What Have Engineers Learned from Katrina?

Release Date: August 26, 2010 This content is archived.


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Five years after Hurricane Katrina decimated New Orleans, the most important lesson learned, says James Jenson, is residents must follow evacuation orders quickly.

BUFFALO, N.Y. -- Five years after Hurricane Katrina devastated New Orleans, James N. Jensen, PhD, University at Buffalo professor of civil, structural and environmental engineering, says that probably the biggest lesson learned from that disaster was that municipalities and citizens now take orders to evacuate much more seriously.

Jensen was one of six UB researchers that visited the Gulf Coast soon after Katrina hit, as part of a National Science Foundation-funded reconnaissance mission organized by UB's Multidisciplinary Center for Earthquake Engineering Research. Research into "extreme events" and disaster mitigation/ response is a strategic strength of the university identified in the UB 2020 strategic plan.

"By the time Hurricane Rita hit not long after Katrina, there was something like a 95 percent evacuation rate," Jensen recalls. "People had really gotten the message."

During his visit to New Orleans in October 2005, Jensen and colleague Pavani Ram, MD, UB assistant professor of social and preventive medicine, met with public-health officials and with managers from wastewater treatment plants.

While he said that drinking water was restored by about 10 weeks after Katrina, one major problem persisted as a result of the loss of pressure of water distribution systems, due to shifting, waterlogged houses and empty cars on flooded streets that knocked down fire hydrants.

"They estimated that as many as 1,000 or more breaks occurred in the water distribution pipes due to the damaged fire hydrants," says Jensen, "and the loss of pressure that resulted lead to contaminating the water in those pipes."

Another issue, one that could complicate hurricanes this season, is the problem posed by the potential loss of vegetation in wetlands due to the Gulf oil spill.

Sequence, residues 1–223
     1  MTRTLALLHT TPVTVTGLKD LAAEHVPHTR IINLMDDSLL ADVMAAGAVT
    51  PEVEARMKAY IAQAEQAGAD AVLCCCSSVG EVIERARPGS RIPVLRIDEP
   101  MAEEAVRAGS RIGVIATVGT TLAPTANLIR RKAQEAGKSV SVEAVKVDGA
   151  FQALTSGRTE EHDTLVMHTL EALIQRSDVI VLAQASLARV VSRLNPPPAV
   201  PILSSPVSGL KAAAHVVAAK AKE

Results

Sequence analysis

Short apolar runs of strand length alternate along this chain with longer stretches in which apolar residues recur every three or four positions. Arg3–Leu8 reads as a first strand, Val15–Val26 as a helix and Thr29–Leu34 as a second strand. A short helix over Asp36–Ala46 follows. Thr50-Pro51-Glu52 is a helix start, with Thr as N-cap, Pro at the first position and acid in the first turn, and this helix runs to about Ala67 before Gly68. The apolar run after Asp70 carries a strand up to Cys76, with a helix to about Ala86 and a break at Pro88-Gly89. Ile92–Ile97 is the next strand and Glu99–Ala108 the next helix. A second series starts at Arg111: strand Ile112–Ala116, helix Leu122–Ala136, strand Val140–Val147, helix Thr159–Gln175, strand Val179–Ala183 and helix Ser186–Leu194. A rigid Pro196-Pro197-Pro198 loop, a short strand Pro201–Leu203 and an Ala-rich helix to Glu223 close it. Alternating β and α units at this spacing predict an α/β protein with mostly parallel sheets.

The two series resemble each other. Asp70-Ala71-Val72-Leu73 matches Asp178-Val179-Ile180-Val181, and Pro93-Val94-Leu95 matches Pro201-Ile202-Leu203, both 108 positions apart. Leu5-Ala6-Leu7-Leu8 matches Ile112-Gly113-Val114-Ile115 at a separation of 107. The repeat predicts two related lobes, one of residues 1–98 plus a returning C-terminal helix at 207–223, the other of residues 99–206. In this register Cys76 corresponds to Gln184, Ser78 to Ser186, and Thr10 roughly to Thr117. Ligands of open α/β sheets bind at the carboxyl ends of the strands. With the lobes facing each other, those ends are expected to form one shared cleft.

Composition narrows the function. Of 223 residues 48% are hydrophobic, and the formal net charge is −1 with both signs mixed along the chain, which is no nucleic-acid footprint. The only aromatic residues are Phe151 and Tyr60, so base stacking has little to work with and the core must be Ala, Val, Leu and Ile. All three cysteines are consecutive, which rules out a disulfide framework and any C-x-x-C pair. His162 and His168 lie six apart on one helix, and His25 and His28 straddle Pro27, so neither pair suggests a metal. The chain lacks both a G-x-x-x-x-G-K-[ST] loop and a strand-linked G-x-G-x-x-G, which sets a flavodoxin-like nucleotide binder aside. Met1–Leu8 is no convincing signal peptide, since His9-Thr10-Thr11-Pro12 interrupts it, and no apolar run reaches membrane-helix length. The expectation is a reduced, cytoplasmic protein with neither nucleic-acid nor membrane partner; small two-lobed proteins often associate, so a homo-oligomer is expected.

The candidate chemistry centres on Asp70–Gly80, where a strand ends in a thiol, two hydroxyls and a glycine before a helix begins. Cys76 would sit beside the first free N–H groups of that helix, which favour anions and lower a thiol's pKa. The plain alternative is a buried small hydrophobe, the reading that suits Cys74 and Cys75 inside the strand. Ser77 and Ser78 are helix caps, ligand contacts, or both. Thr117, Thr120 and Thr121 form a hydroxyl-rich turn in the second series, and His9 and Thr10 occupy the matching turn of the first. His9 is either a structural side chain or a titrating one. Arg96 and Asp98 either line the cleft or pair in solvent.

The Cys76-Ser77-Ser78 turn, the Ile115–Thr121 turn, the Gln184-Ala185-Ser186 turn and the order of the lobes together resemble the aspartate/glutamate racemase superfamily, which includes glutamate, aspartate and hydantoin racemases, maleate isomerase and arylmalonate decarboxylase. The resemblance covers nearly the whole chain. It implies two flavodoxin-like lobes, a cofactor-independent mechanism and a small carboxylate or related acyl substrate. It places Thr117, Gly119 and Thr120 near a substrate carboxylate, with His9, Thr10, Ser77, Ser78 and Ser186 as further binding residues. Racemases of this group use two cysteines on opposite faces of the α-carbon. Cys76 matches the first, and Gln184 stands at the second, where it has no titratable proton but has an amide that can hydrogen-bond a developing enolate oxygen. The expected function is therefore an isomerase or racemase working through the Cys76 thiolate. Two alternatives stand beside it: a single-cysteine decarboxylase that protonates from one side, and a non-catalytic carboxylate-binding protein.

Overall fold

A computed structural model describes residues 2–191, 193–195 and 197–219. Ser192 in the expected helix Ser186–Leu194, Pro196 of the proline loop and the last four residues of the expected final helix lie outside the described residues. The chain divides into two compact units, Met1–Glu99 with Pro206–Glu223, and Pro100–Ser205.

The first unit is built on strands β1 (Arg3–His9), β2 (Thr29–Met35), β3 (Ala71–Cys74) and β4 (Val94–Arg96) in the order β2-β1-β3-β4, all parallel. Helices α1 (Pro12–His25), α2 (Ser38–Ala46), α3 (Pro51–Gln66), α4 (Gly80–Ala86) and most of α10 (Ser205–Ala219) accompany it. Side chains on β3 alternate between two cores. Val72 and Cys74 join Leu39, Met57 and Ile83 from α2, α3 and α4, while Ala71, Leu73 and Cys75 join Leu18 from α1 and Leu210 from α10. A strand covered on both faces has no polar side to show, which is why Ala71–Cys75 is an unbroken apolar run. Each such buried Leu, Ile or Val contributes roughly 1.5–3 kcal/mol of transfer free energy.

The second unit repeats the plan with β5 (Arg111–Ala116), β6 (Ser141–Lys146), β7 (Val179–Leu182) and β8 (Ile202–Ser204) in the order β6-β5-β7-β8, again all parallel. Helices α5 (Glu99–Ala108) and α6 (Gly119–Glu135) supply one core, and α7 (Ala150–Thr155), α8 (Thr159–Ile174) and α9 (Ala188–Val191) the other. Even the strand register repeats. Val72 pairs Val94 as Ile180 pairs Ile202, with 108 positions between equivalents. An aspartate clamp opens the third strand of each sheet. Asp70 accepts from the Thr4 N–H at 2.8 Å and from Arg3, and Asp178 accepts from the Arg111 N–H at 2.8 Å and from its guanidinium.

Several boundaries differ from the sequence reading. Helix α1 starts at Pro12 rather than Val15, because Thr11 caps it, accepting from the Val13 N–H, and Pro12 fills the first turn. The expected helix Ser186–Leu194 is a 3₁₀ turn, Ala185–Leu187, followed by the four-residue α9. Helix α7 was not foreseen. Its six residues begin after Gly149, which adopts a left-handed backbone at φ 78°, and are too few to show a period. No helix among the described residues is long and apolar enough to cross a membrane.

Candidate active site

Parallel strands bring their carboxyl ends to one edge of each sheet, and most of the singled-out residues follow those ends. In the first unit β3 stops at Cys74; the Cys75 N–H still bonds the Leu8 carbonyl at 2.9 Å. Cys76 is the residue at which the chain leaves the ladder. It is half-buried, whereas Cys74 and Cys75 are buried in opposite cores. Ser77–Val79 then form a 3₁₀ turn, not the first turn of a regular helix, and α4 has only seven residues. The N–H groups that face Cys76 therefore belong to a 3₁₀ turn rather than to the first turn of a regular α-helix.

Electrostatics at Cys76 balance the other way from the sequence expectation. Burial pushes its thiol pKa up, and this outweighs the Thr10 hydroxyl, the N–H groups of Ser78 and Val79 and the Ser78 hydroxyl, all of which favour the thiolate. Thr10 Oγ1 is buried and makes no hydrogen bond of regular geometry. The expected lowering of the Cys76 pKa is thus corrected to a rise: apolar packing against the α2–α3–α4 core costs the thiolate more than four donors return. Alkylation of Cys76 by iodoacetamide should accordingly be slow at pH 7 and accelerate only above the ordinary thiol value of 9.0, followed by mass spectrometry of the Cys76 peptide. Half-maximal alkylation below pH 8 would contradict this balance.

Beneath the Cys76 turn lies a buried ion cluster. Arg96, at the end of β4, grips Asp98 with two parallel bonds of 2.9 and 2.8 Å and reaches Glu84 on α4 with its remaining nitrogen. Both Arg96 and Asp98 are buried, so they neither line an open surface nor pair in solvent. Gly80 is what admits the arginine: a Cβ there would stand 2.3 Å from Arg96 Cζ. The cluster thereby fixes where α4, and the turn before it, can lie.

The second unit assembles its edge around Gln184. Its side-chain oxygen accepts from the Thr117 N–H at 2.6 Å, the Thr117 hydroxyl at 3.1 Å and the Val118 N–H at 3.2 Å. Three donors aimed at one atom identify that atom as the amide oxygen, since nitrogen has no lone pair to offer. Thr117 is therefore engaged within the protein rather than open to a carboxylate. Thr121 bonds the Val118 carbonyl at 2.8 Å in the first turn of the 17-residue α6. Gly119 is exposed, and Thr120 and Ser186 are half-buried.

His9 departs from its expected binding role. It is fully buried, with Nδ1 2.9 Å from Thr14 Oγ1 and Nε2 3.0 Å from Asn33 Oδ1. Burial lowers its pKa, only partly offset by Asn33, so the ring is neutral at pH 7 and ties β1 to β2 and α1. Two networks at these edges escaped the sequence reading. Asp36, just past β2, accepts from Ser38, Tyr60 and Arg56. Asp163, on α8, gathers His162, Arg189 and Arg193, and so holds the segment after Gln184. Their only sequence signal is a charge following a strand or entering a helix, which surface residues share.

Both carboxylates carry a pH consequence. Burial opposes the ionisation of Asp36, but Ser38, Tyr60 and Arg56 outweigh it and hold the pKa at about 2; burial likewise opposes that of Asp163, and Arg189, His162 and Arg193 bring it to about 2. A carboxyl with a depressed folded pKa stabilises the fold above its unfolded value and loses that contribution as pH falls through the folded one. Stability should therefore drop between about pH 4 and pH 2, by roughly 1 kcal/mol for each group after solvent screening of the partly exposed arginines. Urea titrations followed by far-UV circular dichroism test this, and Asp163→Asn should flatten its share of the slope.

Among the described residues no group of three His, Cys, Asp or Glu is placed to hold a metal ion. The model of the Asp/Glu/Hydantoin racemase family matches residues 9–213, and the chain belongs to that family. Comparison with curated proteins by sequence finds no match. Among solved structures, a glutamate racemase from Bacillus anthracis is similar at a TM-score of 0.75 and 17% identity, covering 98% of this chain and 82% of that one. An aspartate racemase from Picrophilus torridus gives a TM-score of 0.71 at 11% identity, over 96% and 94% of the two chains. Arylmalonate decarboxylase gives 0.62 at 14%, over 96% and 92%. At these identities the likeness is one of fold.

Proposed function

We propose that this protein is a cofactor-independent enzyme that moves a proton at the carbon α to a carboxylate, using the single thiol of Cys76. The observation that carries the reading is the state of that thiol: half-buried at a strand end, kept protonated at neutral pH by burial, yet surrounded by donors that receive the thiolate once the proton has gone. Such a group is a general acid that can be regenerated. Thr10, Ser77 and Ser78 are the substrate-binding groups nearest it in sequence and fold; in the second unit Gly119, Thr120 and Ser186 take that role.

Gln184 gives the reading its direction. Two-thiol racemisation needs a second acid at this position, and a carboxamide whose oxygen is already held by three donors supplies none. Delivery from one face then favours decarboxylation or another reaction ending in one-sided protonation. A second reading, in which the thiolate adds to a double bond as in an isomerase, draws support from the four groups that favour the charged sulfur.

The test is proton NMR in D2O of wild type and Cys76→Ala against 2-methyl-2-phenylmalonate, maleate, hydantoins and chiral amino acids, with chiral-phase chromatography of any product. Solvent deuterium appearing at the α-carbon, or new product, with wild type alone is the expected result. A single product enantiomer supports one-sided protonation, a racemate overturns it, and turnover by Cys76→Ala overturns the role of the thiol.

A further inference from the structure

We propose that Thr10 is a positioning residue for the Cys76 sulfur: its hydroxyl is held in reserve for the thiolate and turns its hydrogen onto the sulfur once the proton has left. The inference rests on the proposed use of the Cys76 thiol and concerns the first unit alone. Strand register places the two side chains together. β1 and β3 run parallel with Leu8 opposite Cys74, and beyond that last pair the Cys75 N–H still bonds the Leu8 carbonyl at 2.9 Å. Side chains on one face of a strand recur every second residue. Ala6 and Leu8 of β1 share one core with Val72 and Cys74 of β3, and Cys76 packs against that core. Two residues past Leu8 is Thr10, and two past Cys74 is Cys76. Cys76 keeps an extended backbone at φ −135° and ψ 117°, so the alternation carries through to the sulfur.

"If oil kills the vegetation in those wetlands, then you lose the buffer that that vegetation provided," Jensen explains.

One thing really surprised Jensen about his visit to New Orleans after hurricanes Katrina and Rita.

"Pretty much to a person, once people found out I was from Buffalo, they all expressed the same sentiment," he says: "Even though they were living through the aftermath of these two horrible hurricanes, they told me they could never live in a place that has blizzards."

Members of the media who wish to speak to Jensen for stories about the five-year anniversary of Katrina can contact him at 716-645-4007 or jjensen@buffalo.edu. A listing of other UB experts available to comment on the news of the day is available http://newstips.buffalo.edu.

The University at Buffalo is a premier research-intensive public university, a flagship institution in the State University of New York system and its largest and most comprehensive campus. UB's more than 28,000 students pursue their academic interests through more than 300 undergraduate, graduate and professional degree programs. Founded in 1846, the University at Buffalo is a member of the Association of American Universities.

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